Hi, Scott. I don’t know much about plant-based diets, so I can’t say for certain how well it would work with the combination of intermittent fasting and exercise. There are three reasons why I believe keto is ideally suited for the IF/exercise combo: insulin control, satiety, and abundant protein and energy.
Insulin is really the key to a healthy diet, and the best way to control it (along with IF) is to limit carbohydrates, which might be harder to do without eating meat, eggs, cheese, etc. Plant sources of protein usually also have plenty of carbohydrates (beans come to mind), which triggers a heightened insulin response. Fats do not trigger a significant insulin response, so going keto results in much lower amounts of insulin being released into the bloodstream. This allows the body to access its stores of body fat much better, as insulin causes fat to be stored in fat cells rather than be released. When the body can access its own fat stores, you feel less hungry and have more energy, both of which make it easier to combine intermittent fasting and exercise. I do a kettlebell weightlifting routine (not the short circuits, more like a barbell/dumbbell workout) in the morning after not having eaten for 14 hours. Because my insulin is low and my body is keto-adapted (uses fats rather than carbs for energy), I have no problem using body fat as fuel for 16 hours (sometimes 20 on my off days). If your body is still running primarily on carbs, higher insulin levels will interfere with the body’s ability to access fat stores for fuel. This is what makes keto ideal for fasting. Fasting isn’t actually about eating fewer calories. I eat as much as I always did. It’s about insulin. An excellent book on this is The Obesity Code by Dr. Jason Fung.
Another reason I believe keto is highly effective for fasting with exercise is that protein and fats sate hunger much more than carbohydrates. Carbohydrates are the only one of the three that doesn’t cause the body to produce satiety hormones. This is why I’m not hungry when I wake up in the morning like I used to be. Because my body relies on fat stores for fuel, those satiety hormones are always being produced. Probably the most striking difference I noticed when going keto was that my hunger was significantly decreased. I find it fairly easy to go for sixteen hours without eating whereas before I had trouble going twelve.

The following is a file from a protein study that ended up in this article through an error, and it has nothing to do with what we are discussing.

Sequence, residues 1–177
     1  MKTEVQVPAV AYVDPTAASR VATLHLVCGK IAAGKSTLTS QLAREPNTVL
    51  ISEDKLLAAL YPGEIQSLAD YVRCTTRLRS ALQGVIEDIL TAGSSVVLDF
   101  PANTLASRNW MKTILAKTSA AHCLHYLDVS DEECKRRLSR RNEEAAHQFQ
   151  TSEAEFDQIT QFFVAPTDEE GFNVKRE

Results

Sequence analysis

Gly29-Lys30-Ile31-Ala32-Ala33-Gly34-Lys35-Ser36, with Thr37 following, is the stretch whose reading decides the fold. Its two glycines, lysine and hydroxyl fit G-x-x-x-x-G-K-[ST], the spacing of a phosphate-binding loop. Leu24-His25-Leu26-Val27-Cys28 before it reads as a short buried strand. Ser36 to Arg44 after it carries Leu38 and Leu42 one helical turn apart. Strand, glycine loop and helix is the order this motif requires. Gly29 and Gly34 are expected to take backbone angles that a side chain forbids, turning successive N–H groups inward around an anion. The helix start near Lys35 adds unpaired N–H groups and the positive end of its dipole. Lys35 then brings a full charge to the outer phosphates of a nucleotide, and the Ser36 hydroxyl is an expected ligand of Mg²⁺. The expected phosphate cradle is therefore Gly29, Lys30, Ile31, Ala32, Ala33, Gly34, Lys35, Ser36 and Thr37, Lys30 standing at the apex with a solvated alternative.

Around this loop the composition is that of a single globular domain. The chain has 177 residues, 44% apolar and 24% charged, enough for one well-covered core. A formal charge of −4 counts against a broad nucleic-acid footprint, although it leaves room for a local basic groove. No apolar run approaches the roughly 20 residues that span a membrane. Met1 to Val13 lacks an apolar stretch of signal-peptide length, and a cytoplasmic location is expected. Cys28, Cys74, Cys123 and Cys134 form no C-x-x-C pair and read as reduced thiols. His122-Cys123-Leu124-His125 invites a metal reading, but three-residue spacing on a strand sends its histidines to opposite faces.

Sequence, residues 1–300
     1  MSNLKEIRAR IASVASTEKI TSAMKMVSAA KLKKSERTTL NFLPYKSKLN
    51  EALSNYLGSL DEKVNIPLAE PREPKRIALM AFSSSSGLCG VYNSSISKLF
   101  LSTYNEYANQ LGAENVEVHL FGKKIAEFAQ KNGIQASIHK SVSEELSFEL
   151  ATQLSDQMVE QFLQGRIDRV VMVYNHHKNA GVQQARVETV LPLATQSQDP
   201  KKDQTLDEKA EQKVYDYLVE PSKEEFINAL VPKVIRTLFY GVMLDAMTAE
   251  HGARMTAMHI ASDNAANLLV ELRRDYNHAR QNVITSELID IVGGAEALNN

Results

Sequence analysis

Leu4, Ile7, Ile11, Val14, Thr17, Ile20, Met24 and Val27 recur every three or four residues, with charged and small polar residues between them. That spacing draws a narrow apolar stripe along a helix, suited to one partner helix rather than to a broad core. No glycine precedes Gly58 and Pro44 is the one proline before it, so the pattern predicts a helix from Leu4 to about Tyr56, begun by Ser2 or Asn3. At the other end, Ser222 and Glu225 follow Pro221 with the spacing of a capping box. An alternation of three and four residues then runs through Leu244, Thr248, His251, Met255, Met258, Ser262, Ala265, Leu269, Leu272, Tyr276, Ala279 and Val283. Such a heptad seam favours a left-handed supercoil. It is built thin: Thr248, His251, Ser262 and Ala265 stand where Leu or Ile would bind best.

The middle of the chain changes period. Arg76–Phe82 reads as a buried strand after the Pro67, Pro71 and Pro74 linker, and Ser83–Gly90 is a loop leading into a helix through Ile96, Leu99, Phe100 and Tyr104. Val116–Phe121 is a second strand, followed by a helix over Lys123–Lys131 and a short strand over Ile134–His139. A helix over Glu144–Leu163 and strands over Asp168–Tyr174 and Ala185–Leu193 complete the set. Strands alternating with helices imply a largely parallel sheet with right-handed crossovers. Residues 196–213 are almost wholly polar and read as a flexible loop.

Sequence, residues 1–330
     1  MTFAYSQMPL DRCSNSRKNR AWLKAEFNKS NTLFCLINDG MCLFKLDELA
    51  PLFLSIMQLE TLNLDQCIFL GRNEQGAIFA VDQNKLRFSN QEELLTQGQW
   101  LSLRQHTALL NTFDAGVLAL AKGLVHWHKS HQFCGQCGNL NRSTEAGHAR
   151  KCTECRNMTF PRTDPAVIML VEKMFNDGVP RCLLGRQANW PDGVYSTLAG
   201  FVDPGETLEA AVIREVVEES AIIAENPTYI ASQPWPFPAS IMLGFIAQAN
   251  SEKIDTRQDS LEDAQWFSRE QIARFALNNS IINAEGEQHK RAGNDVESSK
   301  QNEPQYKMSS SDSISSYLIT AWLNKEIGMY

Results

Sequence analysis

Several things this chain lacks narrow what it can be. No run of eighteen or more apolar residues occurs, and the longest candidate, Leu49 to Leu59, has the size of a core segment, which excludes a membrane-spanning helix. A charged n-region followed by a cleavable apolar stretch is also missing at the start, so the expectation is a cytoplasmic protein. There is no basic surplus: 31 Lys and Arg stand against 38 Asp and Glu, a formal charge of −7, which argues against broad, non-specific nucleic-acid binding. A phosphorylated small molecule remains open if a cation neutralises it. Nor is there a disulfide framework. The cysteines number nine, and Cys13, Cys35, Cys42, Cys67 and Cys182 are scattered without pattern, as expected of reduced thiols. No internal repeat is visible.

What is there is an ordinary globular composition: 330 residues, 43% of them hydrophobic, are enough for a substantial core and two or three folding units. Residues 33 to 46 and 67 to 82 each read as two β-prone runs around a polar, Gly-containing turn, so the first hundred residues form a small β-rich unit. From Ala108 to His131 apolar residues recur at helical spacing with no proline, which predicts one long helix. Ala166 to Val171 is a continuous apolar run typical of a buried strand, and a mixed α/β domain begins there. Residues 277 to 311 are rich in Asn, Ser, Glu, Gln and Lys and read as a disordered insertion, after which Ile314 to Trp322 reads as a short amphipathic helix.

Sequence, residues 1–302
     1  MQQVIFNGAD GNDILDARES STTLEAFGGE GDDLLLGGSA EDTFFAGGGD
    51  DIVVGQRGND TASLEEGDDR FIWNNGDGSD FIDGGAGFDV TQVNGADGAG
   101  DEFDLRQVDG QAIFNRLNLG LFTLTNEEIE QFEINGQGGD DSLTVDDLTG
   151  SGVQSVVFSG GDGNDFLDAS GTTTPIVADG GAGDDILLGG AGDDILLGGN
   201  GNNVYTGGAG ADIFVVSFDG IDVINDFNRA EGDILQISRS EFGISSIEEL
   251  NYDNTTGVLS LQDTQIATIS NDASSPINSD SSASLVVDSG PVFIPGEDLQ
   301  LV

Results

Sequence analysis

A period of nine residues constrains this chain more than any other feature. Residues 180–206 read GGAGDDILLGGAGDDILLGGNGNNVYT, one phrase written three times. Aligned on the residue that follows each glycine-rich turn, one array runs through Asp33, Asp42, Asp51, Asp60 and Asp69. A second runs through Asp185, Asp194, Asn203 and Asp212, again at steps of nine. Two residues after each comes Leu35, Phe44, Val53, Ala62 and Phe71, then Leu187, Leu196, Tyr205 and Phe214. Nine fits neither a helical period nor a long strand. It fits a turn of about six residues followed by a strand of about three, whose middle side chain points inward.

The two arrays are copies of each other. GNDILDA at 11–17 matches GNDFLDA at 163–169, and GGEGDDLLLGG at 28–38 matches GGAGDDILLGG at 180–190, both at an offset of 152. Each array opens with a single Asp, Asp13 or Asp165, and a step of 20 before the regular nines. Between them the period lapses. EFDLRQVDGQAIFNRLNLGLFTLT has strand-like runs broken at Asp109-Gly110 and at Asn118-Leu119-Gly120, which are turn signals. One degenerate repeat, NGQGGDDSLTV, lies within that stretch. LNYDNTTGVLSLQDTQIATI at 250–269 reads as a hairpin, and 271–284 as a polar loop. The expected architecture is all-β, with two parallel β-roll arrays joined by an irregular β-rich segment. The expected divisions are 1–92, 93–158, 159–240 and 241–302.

And for building muscle, keto is particularly well-suited. Because fats are not vilified by the diet, but rather become the primary (virtually only) source of fuel, eating eggs, cheese, steak, etc. are not limited. Those satiety hormones I mentioned will regulate your caloric intake. You literally will not have to think about it. Since starting the keto diet on July 4th this year, I have lost 35 pounds without restricting calories (there is an explanation of this in The Obesity Code as well as in articles here on Medium by Dr. Fung) while still being able not only to maintain but to build muscle mass. I’m currently 213 pounds at 6 feet tall, and I have about another ten pounds to lose to get to the point where I’m very lean. You get plenty of protein from the keto diet while also getting plenty of insulin-free energy from fats, both of which are much harder if one is eating only plants.
Two other books are worth reading: The Art and Science of Low Carbohydrate Living, and The Art and Science of Low Carbohydrate Performance, both by Jeff Volek and Stephen Phinney. Especially in Performance, they really lay out how keto is an excellent diet for athletes. The body has virtually unlimited amounts of energy if body fat is the primary source of fuel rather than carbohydrates. All of the glycogen in the average body provides about 2000 calories, while a mere five pounds of body fat provides 17,500 calories. And the keto diet makes fat stores more accessible than any other diet.